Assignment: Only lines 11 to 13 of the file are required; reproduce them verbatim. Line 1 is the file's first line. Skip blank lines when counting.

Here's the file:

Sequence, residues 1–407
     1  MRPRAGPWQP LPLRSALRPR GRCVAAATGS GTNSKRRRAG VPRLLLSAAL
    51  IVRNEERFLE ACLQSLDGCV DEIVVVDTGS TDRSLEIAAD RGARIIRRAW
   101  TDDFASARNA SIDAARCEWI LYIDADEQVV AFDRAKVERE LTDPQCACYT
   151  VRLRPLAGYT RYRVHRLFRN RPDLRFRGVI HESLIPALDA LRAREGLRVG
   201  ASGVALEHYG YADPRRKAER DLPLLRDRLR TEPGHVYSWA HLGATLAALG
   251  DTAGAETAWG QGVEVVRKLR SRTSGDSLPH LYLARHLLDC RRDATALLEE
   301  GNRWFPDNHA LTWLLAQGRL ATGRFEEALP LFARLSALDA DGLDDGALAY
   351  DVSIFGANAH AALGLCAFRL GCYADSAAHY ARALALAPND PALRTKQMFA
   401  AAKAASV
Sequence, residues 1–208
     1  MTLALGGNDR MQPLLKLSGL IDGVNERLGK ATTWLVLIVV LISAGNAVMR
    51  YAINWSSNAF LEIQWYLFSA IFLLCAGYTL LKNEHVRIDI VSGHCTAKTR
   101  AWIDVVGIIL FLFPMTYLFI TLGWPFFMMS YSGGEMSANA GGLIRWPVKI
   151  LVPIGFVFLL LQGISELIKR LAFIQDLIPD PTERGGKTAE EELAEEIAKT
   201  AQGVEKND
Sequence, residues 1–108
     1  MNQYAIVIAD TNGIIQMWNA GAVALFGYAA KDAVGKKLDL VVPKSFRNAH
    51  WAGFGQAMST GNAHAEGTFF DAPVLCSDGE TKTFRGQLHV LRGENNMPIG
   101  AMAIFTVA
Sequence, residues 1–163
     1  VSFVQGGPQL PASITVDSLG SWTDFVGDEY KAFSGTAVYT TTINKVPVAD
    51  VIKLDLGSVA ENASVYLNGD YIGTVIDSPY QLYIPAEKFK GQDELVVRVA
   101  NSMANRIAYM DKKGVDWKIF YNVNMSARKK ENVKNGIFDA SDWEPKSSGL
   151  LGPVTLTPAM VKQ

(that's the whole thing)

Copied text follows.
Sequence, residues 1–208
     1  MTLALGGNDR MQPLLKLSGL IDGVNERLGK ATTWLVLIVV LISAGNAVMR
    51  YAINWSSNAF LEIQWYLFSA IFLLCAGYTL LKNEHVRIDI VSGHCTAKTR